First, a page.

Thursday, January 22, 2009

Milwaukee - Wrap Up

Milwaukee is full of clock towers. The Allen-Bradley Clock Tower, largest in the world, is just one of an entire skyline dotted with clock towers, fancy and plain, big and small. This is not the sort of place where you can lose track of time.Milwaukee is much more than its clock towers; the distinctive neighborhoods and local character of the city are incredibly charming.

Milwaukee is surrounded by the type of sprawl typical of most cities. Vast tracts of housing sliced up by collector roads and interspersed only by churches and schools. These post-war neighborhoods are bland and unusually devoid of clock towers. Milwaukee's pre-war developments are much more interesting. Our hosts in Milwaukee proudly informed us that no place in Milwaukee is more than a block away from a bar. They weren't overestimating in the least.I wasn't able to find any studies linking this sort of neighborhood to a reduction in drunk driving but if you can walk to several different bars within three minutes, you're left without any reasons to drink and drive. Drinking isn't the only use for these buildings, many have been repurposed creating de facto mixed used neighborhoods.Milwaukee was fortunate enough to have some visionary political leaders over the last 35 years. It was one of the first cities to reject additional freeway construction through their downtown area and perhaps the first to permanently remove an undamaged freeway. The demolition of the Park East Freeway opened up the heart of the city to the north side and greatly in the increased the vitality of the city.The north side is very nice in a small town sort of way, but the south side is very nice in a big city sort of way. Large elegant buildings line the streets of the Historic Third Ward just south of downtown. This upscale district of warehouses turned condos is really breathtaking.It has some obvious problems though. It's streets, designed for heavy horse and wagon traffic are incredibly wide. The city addressed the problem by turning the center of the street into parking lots.This is a remarkably good way to create an unpleasant place. It seems like the district planners decided that instead of optimizing the ward for it's residents, they would try to bring in "tourists" to public markets and upscale shops. It's a good way to convince retailers to pay higher rates, but it doesn't work so well to make a place that survives beyond its initial hype. The issue of too-wide streets is not easily dealt with in our current development scheme, I'll have more to say about that during the Denver/Boulder issue.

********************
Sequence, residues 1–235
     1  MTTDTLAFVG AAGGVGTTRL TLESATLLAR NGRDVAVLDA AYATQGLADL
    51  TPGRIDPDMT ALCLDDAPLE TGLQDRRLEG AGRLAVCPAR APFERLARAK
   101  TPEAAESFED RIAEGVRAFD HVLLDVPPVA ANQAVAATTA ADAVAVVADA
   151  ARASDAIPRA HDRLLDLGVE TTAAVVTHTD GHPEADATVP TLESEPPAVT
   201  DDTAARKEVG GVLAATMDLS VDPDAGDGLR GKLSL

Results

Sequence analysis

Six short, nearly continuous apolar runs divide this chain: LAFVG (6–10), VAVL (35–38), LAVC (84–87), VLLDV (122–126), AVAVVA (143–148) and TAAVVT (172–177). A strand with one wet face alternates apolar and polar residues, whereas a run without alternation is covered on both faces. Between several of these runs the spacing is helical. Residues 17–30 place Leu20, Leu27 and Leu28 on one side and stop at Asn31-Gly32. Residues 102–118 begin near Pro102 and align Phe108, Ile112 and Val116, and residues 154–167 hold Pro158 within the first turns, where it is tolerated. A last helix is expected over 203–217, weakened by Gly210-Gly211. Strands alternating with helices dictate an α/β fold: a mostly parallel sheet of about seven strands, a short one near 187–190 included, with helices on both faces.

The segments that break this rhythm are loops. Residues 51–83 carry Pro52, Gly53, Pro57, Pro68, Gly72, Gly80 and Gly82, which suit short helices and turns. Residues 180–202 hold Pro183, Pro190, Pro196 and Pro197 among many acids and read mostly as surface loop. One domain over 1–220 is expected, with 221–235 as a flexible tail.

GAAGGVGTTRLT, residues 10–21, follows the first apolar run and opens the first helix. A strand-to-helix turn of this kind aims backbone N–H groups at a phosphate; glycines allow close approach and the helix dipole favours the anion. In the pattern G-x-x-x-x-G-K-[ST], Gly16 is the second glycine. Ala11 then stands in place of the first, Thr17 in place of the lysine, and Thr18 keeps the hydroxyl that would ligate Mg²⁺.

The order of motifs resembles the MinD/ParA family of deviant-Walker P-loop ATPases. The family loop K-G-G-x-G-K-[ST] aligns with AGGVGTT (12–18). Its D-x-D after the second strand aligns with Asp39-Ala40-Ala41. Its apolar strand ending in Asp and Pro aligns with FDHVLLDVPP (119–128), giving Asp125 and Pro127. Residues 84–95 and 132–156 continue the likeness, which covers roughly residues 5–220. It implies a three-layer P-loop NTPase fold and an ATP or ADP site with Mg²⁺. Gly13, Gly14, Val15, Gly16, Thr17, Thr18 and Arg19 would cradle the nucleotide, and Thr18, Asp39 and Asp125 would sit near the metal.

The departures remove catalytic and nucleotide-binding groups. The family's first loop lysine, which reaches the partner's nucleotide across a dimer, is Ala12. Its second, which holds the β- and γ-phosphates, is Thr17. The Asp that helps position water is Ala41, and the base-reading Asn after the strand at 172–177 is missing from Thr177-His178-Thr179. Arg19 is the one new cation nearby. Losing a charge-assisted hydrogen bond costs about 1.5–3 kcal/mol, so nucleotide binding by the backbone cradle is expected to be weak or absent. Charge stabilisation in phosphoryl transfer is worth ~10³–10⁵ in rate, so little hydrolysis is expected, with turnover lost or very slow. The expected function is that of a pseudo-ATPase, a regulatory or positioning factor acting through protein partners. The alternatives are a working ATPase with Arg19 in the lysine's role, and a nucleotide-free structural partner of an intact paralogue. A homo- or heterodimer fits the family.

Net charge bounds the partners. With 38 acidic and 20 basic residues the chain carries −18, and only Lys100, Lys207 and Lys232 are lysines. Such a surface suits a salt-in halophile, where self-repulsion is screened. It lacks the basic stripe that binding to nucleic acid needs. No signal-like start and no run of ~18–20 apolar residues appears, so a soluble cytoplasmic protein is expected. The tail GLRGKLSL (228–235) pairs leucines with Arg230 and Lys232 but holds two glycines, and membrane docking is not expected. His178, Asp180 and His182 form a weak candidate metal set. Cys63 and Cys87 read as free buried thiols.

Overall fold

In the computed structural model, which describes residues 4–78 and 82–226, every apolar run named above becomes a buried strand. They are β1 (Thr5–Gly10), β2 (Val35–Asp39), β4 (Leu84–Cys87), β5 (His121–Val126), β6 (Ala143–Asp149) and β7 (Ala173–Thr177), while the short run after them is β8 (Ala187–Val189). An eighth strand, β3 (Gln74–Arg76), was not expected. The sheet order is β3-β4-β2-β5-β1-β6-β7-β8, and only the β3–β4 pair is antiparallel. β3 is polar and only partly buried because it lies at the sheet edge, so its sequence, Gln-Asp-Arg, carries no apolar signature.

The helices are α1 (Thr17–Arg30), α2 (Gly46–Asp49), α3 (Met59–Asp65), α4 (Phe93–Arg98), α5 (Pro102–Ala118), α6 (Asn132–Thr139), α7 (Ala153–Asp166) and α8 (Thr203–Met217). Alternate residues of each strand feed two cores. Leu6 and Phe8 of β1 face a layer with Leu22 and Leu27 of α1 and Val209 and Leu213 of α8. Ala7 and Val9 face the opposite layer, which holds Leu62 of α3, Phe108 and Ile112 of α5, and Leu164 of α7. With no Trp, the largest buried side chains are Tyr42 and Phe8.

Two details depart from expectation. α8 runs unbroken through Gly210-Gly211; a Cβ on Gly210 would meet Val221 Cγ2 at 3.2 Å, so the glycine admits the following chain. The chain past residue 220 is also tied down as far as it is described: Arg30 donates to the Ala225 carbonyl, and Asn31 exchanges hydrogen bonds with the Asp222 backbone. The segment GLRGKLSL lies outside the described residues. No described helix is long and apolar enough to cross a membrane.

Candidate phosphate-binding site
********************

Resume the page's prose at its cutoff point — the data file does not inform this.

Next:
Unlike the north side, the south side is conveniently cut off from the city by an enormous interstate highway (I-794). It happens to be elevated, so if community planners ever had the drive, they could make an effort to reduce the disconnection by carefully designed spaces under the highway. Milwaukee is full of rivers that naturally dice up the city, they don't need any more mobility barriers than the ones that nature provides.

One thing that Milwaukee residents seem to understand is the critical importance of restorative spaces in human environments. Throughout the city, we came across the sort of bright colors the liven up the sometimes somber mood of Wisconsin winters.It's always nice to see some play areas that actually look fun. Playgrounds of metal sticks and plastic panels ordered out of a catalog are only good at regimenting children away from their creative and innovative minds.Milwaukee's school stock is among the best I've ever seen. Even in cases where they're forced to board up windows to reduce capital and utility costs, they find ways to brighten up the picture.And let's not forget the roof tops. This light-hearted scene lay up against a major thoroughfare. The only apparent purpose was to provide tired commuters with something pleasant to dwell on during their nerve wracking dashes to and from work.

Milwaukee is a place full of serious people who manage not to take themselves too seriously. My guess is that all of this has something to do with the concentration of so much beer in such a small city. I'll leave you with one final picture that I'll call "The Future is Now".

1 comment:

  1. NICE! I've never been to Milwaukee, but sure would like to now.